Tuesday, December 31, 2013

writer interview (part 2)/ Screenwriting Goldmine

This was on my www.badcb.blogspot.ca:

Dec. 27 Writer interview (part 2): I have written an interview where I imagine a host is interviewing me about my writing.  It’s mainly professional.


I remember watching Tyra Banks talk show and sometimes she does kind of sound like a psychologist talking to a guest you know like the teen pregnancy episodes.  Here’s the episode:


Well here’s part 2 of my writer interview.  It’s going to get personal.


Host: Why do you blog?

Tracy: Because I want to produce my script The Vertex Fighter and get it produced to be a TV movie.

Host: How long have you had these blogs?

Tracy: Tracy’s Blog has been here since Jan. 2008, so 6 yrs.  My The Vertex Fighter has been here since Jun. 2011, so 2 and a half yrs.

Host: Do you have any followers?

Tracy: No, but I do keep track of my page views.  In Tracy’s Blog, I get 100-200 page views a day.  In The Vertex Fighter blog, I get 0-20 page views a day.  My Fighter blog is about writing, TV, and movies.  That post is usually on Tracy’s blog too.  On Tracy’s blog there are lots of topics like jobs and news.

Host: Do you intend to get a book published?

Tracy: I would like to get from blog to book, but I haven’t figured it out.  I have thought of turning my script into a fictional book and then self-publish it on Amazon.  But I don’t want to write a fictional book.

I’m brainstorming, because The Book of Awesome writer Neil Pasricha made a book that is compiled of his blog posts.  I could, but how would I make it?

Tracy’s Blog: Business edition: All the job, career articles and tips, job interviews, job experiences that I went through.

Tracy’s Blog: Writer’s edition: All the TV and movie reviews, synopsis’s, writer/ author interviews, articles, and tips.

Tracy’s Blog: Jokes edition: Daily Silly jokes, comedy comparisons.

Host: What if you never become famous?  Your blog never becomes a book?  You don’t win any awards?  
Then what?

Tracy: Then I’m going to keep blogging.


Host: So are you getting any closer to getting your script produced?

Tracy: I was so busy working, especially in the first half of the year Jan.-Jun. 2013, that I haven’t been pitching my script much.  I only had one producer read it and he rejected it.

Host: So what now?

Tracy: I don’t feel motivated to pitch my script.  I’ve been writing scripts since I was 14 yrs old.  So from 14-22 yrs old, I’ve been writing scripts for 8 yrs.  I had to graduate out of high school and Professional Writing in college, and then I started pitching my script.  I was 22 yrs old when I started pitching it.  In 2008-2009, I was constantly looking for production companies and pitching to them.

In 2010, I was laid off so I only pitched for 4 months of that year.  In 2011, I was working and looking for an office job all the time.  In 2012, I did the same, but I worked more temporary jobs that year.

In 2012, I applied to get jobs at TV production companies, but that only lasted a month.  There are some in Edmonton.  I did apply to them back in 2008 and got one interview.  

I was just going through my notes of all the places I pitched to and when.  There isn’t a lot that I did this year.  I did join the Edmonton Film Makers Group in Meetup and read some member’s scripts when I joined the Edmonton Screenwriter’s Group.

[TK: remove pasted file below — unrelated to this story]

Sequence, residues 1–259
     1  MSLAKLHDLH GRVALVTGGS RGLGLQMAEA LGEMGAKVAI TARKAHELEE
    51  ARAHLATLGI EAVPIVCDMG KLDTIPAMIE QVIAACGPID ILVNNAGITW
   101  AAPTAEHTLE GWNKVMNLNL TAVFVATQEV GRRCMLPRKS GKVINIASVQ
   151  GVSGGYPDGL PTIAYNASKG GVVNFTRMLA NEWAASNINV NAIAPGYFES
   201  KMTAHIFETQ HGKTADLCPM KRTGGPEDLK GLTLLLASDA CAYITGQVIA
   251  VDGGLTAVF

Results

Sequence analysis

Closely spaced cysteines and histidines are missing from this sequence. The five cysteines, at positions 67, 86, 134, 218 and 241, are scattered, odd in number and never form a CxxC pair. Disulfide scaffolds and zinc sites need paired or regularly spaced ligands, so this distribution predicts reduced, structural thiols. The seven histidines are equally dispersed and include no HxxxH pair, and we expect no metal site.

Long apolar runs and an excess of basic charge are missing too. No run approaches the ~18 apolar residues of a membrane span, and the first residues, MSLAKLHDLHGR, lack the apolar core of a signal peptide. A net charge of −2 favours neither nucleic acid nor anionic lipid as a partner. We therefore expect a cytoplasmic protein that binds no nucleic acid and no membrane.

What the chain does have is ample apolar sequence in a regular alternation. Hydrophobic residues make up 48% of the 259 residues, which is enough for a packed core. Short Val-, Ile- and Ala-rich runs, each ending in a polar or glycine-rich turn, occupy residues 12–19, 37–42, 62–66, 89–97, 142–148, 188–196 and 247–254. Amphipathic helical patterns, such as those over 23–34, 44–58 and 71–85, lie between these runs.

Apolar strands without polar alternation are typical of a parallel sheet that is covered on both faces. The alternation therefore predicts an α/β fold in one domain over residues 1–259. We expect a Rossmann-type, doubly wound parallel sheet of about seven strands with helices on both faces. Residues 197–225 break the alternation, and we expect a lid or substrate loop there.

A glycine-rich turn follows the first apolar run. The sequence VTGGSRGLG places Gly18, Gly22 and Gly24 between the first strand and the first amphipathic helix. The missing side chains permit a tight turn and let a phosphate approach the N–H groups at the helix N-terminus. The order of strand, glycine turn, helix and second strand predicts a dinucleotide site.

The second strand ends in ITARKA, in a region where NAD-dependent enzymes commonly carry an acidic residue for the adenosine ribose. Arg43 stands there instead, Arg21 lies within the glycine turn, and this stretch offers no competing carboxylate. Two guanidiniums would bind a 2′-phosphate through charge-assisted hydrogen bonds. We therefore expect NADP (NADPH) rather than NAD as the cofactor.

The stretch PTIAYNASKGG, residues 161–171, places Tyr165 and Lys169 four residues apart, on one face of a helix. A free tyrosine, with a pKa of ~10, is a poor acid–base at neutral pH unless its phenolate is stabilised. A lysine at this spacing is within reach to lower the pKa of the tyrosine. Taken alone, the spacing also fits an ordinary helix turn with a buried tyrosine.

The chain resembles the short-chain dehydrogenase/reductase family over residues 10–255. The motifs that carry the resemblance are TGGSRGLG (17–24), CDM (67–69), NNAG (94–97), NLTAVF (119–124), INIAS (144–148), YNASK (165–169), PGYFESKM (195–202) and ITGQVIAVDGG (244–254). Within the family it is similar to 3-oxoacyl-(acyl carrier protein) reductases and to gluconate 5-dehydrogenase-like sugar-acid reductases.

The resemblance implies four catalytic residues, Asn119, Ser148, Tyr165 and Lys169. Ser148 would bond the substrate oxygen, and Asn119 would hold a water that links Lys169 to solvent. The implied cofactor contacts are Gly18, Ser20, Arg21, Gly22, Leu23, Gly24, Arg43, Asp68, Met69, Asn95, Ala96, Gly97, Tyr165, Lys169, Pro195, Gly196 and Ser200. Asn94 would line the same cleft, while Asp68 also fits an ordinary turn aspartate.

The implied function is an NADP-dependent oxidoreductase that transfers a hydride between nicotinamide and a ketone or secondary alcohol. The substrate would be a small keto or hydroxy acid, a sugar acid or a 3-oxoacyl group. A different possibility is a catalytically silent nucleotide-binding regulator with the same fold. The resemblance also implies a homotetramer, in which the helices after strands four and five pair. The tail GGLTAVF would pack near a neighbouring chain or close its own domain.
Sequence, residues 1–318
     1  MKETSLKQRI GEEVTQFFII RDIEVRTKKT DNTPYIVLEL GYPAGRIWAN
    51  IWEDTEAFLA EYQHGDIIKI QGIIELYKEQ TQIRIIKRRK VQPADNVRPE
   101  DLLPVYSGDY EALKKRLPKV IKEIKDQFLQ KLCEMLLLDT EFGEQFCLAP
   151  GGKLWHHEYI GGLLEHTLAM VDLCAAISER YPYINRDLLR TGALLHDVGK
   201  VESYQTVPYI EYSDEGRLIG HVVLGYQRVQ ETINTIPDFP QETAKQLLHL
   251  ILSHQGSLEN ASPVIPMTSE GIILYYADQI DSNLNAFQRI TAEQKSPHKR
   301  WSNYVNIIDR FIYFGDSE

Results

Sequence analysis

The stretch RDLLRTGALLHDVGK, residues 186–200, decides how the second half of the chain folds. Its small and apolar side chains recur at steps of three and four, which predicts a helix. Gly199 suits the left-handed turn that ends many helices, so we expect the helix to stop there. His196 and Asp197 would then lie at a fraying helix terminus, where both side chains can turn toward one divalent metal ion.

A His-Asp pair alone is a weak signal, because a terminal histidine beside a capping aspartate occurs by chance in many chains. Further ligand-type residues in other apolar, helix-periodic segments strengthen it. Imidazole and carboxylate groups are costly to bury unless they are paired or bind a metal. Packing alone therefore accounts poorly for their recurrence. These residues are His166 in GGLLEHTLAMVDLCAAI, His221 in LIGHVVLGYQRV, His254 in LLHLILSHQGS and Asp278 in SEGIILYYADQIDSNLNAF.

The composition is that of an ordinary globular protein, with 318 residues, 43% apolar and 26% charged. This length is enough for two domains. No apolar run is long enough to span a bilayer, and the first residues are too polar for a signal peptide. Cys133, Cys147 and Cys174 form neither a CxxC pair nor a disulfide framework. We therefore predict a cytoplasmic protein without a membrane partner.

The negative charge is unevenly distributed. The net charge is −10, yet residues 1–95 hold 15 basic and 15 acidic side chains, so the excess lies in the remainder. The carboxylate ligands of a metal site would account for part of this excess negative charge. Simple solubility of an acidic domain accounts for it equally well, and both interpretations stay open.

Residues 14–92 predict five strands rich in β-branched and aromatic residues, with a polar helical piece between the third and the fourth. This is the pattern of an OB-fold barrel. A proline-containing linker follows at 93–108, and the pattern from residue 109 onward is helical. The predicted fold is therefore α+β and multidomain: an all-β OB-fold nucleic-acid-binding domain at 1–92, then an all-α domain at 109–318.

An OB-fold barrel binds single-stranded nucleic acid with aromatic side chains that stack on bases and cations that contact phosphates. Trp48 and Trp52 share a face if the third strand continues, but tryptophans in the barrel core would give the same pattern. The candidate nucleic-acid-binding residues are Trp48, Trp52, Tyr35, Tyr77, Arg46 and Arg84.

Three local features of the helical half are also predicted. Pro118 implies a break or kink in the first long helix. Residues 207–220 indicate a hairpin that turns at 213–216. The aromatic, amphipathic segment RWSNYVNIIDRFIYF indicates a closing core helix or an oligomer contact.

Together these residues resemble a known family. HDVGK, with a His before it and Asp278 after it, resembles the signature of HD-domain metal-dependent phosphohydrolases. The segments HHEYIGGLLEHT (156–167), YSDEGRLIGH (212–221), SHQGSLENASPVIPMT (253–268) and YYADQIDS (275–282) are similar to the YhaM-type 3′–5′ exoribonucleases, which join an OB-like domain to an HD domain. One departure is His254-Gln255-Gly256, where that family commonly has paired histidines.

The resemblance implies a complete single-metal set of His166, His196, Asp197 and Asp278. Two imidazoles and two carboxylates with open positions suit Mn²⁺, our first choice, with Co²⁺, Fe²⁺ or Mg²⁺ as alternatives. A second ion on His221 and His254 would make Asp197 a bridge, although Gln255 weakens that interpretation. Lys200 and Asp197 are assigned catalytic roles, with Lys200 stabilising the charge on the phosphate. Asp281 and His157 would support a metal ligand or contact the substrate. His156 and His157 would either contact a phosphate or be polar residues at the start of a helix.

Host: This sounds like you lost steam.

Tracy: Yeah.

Host: So have you thought of finding ways to motivate yourself to getting your script produced?

Tracy: Yeah.  There is the route of typing up inspirational quotes.  Or maybe I should go into the direction of blog-to-book, if I can find a way with that.

Maybe I need to make myself more creative like watch something to inspire me.  I did watch the movie In Time and it did make me think on how to write my script.

Or I need to put up some articles about Canadian TV shows being produced in Canada.  It’s gotten too hard getting this script produced.  I gave 100% effort in 2008-2010 in pitching.  I’ve tried to get an agent, but couldn’t.   

Dec. 29 Screenwriting Goldmine: I unsubscribed to them yesterday.  It turns out I’ve been subscribing to them since 2007.  They asked why I unsubscribed and I said that it’s in the UK and I’m in Canada.  Here are some interesting excerpts from them:


News that only around 7% of British films make a box-office profit
is dispiriting. (That said, some might be astonished that that many
actually do...)

Of the 613 British films produced or co-produced in the UK from
2003-2010, only 3.1% of those with budgets under £500,000 made a

The bigger the budget, the more likely the profit, suggests
ScreenDaily's Michael Rosser who was reporting on statistics
released by the British Film Institute at the Screen Film Summit


While statistics can be used to say anything, let's not overlook
some more BFI data for the period 2010-12. It says that "a high
percentage of the most successful and profitable independent
British films had a female screenwriter and/or director attached."

The news points out that women are underrepresented in writing and directing
roles in the film industry. 

"For all UK independent films released between 2010 and 2012, just
11.4% of the directors and 16.1% of the writers were women.
However, for the top 20 UK independent films over the same period,
18.2% of the directors and 37% of the writers were female. And for
profitable UK independent films, 30% of the writers were female."

Commenting on the data, BFIO CEO said: "Women are creating stories
and characters that resonate with audiences in the UK and around
the world, and it's encouraging, and absolutely no surprise, to see
films from women writers in particular really making an impact. 

"Frustratingly, overall the numbers of women in writing and
directing roles remains low and there is still much work to do to
ensure female voices can come through."

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